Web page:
Being and Nothingness: Trauma, loss and alienation in Tsitsi Dangarembga’s The Book of Not select="/dri:document/dri:meta/dri:pageMeta/dri:metadata[@element='title']/node()"/>

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dc.contributor.author Chigwedere, Yuleth
dc.date.accessioned 2016-11-15T07:44:44Z
dc.date.available 2016-11-15T07:44:44Z
dc.date.issued 2016
dc.identifier.citation Chigwedere, Y. (2016). Being and Nothingness: Trauma, loss and alienation in Tsitsi Dangarembga’s The Book of Not. Journal for Studies in Humanities and Social Sciences, 5(2), 169-183. en_US
dc.identifier.issn 2026-7215
dc.identifier.uri http://hdl.handle.net/11070/1895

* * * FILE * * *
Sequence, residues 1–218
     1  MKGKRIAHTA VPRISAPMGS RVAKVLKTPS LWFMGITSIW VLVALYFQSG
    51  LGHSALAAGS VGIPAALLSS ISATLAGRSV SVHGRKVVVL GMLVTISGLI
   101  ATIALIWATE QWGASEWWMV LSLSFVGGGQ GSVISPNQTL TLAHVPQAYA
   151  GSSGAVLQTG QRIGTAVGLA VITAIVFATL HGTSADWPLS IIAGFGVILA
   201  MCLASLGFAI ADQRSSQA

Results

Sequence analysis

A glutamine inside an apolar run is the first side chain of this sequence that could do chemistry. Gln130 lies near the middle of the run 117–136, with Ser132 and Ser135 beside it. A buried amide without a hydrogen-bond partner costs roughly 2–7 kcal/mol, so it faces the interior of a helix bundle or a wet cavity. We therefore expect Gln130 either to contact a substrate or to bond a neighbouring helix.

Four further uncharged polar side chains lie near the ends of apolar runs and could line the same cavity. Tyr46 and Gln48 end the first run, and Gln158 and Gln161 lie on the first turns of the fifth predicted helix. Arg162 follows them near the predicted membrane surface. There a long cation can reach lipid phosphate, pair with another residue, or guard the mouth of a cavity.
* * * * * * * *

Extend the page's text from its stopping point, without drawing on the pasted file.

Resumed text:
dc.description.abstract In this article, I reveal how Dangarembga’s narrative echoes Fanon’s “black skin, white masks” psy-chology. The protagonist’s internalisation of a Eurocentric view of her race and culture culminates in a profound belief in her own inferiority and that of her people. I use Laing and Fanon’s psychoanalytic theories to portray the protagonist’s struggle with her sense of identity and ontological security. I argue that the subsequent fractured sense of self she experiences affects her to such an extent that shame, guilt and self-negation dominate her mental make-up. What emerges is that the destabilising effect of the trauma of blackness results in a nullification of subjectivity - a total sense of not-being - that causes the protagonist to plummet into the depths of depression. en_US
dc.language.iso en en_US
dc.publisher University of Namibia en_US
dc.subject Trauma en_US
dc.subject Alienation en_US
dc.title Being and Nothingness: Trauma, loss and alienation in Tsitsi Dangarembga’s The Book of Not en_US
dc.type Article en_US


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